About the Realizing UNDRIP Initiative
Realizing UNDRIP educates and inspires non-Indigenous people working in government and in the private and not-for-profit sectors to work together in a good way with Indigenous peoples, organizations and communities.
We do this by gathering and sharing knowledge, by hosting learning events, online resources and dialogues, and by providing on-the-ground facilitation support. We also bring forward relevant success stories on such topics as building strong relationships, achieving climate resilience, addressing social issues and pursuing sustainable economic opportunities.
Realizing UNDRIP Key Activities
- Gathering knowledge about what is working well and why
- Sharing knowledge through learning events and web resources
- Facilitating application of lessons learned on the ground to address community-specific needs
- Link with others doing similar work
Indigenous Advisory Council
The concept for the Realizing UNDRIP Initiative arose when Indigenous Directors on the Fraser Basin Council Board and invited Indigenous guests met with other Fraser Basin Council Directors. They discussed what roles the Fraser Basin Council could play to help ensure that the UN Declaration of the Rights of Indigenous Peoples (UNDRIP) has positive and lasting benefits to both Indigenous and non-Indigenous people throughout the lands commonly known as British Columbia.
At that important meeting, the Indigenous Directors and invited Indigenous guests agreed that the Fraser Basin Council has a key role to play in educating non-Indigenous people on ways they can become better allies of Indigenous peoples. The Realizing UNDRIP Initiative was subsequently created. The Realizing UNDRIP Indigenous Advisory Council (IAC) is the catalyst for the Realizing UNDRIP Initiative and provides ongoing advice and direction to Fraser Basin Council staff. All current members of the IAC are FBC Directors. There is currently an open call for new members to the IAC; please forward expressions of interest by email.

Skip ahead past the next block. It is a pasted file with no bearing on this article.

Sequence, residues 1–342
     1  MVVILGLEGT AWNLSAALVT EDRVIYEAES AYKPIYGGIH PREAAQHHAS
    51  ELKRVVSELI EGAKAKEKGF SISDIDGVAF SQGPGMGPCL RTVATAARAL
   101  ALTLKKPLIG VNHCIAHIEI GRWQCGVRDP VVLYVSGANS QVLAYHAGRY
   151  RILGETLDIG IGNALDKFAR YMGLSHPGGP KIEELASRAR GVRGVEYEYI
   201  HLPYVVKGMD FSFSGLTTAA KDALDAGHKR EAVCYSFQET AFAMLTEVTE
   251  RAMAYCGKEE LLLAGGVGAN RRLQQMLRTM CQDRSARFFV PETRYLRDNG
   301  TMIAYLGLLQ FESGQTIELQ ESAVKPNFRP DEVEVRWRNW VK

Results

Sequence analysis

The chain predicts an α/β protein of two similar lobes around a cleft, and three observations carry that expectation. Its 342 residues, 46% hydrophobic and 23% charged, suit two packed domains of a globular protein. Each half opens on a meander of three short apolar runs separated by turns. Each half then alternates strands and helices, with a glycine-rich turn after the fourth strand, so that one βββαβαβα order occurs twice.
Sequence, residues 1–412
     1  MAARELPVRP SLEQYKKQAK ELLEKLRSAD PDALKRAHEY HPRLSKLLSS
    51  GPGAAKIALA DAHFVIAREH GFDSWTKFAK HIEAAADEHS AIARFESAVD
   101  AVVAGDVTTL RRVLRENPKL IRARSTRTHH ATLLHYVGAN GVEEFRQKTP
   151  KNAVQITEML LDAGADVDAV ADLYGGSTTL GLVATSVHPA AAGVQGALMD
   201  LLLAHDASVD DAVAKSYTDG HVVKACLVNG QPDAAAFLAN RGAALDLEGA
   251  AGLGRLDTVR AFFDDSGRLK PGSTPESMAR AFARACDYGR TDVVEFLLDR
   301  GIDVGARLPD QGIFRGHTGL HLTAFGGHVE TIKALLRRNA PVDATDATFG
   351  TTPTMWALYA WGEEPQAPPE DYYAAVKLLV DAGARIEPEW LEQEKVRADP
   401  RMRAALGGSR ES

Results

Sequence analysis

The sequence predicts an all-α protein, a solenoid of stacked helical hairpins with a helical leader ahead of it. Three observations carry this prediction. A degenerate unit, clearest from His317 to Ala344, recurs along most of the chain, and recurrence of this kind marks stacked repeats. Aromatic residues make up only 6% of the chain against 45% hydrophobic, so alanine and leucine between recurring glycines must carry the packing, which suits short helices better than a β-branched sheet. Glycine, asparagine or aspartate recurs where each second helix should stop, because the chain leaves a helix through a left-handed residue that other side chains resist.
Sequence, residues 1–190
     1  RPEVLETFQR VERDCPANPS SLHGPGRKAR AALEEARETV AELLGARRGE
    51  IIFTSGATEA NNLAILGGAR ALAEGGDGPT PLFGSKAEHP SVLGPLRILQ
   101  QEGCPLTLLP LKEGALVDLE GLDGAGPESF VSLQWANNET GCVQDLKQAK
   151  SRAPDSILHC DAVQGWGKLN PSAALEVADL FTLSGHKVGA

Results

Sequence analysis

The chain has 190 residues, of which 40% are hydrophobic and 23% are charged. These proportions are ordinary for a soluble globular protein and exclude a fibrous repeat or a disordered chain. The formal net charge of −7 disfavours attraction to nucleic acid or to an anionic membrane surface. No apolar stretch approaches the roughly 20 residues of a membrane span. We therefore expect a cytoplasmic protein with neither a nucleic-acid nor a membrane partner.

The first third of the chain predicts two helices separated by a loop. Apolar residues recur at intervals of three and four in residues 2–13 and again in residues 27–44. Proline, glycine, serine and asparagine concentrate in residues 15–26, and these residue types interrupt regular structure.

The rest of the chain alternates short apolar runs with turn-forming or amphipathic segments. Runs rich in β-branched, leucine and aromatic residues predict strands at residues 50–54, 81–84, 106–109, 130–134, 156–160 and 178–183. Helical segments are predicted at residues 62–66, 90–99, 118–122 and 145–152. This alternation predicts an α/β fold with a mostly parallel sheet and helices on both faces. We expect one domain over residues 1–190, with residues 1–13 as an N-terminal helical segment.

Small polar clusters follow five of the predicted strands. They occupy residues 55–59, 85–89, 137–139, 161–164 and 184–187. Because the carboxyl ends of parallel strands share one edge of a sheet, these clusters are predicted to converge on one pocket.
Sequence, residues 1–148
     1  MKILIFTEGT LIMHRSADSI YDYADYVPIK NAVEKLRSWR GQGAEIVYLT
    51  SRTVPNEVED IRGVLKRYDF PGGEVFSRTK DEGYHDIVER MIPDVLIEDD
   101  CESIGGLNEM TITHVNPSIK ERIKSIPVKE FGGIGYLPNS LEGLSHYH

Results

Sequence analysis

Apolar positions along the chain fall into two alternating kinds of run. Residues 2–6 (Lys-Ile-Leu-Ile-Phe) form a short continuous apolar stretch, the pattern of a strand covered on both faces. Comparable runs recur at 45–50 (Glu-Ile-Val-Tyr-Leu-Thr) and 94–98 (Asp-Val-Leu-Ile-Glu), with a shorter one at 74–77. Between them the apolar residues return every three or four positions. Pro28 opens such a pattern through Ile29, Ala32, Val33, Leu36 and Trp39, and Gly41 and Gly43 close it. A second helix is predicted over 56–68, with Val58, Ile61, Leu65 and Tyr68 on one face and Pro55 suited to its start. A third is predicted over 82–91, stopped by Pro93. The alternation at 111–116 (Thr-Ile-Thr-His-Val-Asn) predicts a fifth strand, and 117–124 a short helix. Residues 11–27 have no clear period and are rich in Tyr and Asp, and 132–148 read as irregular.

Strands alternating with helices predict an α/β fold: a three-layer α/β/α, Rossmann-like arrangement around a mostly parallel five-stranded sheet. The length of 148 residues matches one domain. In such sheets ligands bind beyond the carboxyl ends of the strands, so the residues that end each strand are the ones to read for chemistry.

Chief Barbara Cote
Chief Barb Cote is Chief of the Shuswap Band. She was born and raised in the Columbia Valley at the headwaters of the Columbia River. She is the mother of two children of whom she is immensely proud. Her oldest daughter, Jenna Jasek, is District Vice-Principal of Indigenous Learning and Equity for School District 6. She has two grandchildren: her grandson Kye, who is 11 years old, and granddaughter Kayli, who is 8 years. They are proud of being Secwepemc and enjoy learning their culture. Her son, Smokii Sumac, is finishing his PhD with Trent University in Peterborough, Ontario and lives in Wardner BC.
Barb completed a Master’s degree in Distributed Learning at Royal Roads University in 2006 and worked full-time as an Aboriginal Education Support Worker from 1975 until she was elected as a Councillor in 2012. She was re-elected as Chief in 2014 and in each election since. She sees it as a gift to see her community grow and to be inclusive of members both on and off-reserve. Seeing youth learning their culture and parents and grandparents working together on regalia is one of her greatest gifts. In her spare time, Barb loves to ski, hike, travel with her husband Franz on their motorcycle and enjoy spending time with family and friends.